White trash vs. manicured

Floral Architecture floralartistry2000@yahoo.com
Sun, 15 Aug 2004 08:16:39 PDT
Well, I try to keep my uncle's garden in a state of
perfection (or as close as possible) but that never
happens. One summer I was there and the grass (in the
flower beds) was up to eye level for me (I'm nearly
6'). It had gone to seed and it's progeny was already
flowering. I was not a happy camper. 
The garden stays printine for the month of May and
Sept when I am there and that is about it. 
So, I will call it white trash with a bad manicure but
good intentions. 
This spring I was not able to get as much work done as
I had expected so, I left all the 500 stems of tulips
along the front walkway. May aunt says that she
doesn't mind pulling them out and actually finds it
fascinating the way they "pop" out. 
Well, I talked to her last week. The gardeners were
just now pulling them out. How embarrasing.

As far as tropicals vs bedding only, I believe there
is a happy medium. I do use a fair amount of tropicals
simply because you can't beat the way they take off in
the heat and humidity. They love it and never look
back. But, they are quite a chore in the fall and
don't really continue on after the first frost. So, it
is all a balancing act. I have many large leaved,
non-tropical plants that give that effect. I will be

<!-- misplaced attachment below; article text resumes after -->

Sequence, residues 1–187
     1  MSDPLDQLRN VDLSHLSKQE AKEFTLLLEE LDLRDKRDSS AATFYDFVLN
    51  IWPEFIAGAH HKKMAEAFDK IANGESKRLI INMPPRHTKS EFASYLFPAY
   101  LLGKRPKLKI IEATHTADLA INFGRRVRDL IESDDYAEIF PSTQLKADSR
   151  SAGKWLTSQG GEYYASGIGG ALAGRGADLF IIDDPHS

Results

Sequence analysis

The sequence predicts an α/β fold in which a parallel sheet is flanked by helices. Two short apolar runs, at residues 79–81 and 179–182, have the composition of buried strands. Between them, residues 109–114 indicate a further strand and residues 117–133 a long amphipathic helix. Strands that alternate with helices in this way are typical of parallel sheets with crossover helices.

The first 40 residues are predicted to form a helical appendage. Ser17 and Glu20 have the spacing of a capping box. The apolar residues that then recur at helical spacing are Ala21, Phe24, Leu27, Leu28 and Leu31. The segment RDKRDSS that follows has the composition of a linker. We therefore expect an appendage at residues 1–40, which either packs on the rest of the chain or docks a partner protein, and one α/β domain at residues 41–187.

adding some of these this fall but such items as
variegated horesradish, rhubarb, Angelica, Dahlias,
Cimicifuga (Actea now), etc., all add a tropical
To extend the fall blooming season, items that are in
the Compositae family can't be beat. Tony Avent's
selections of Helianthus, Rudebeckias, Echinacea, etc
keep on going. I also have a large collection of
various Solidago and asters. They are great
compliments to the wanning tropicals and can add a lot
if situated properly. 
Ipomoea 'Marguerite' turns bronze around the edges and
looks great around purple asters, Echinacea, or any of
the coppery Carex from New Zealand that are hardy. 
So, you see Jim, there is a balance if you step out of
the white trash barriers and open yor eyes to new
wonders. Who says you can't teach an old dog new
As a foot note, all my uncle's neighboors are pretty
much whtie trash with cash. Most lots are 1.5 to 5
acres with $200K homes on them. They are planted with
a few hostas, the prerequisite junpers, yews,
Berberis, and Euomymus. yuck!!!

John Ingram in L.A., CA. 
http://www.floralarchitecture.com/ check it out 
310.709.1613 (cell, west coast time, please call accordingly. Thank you)

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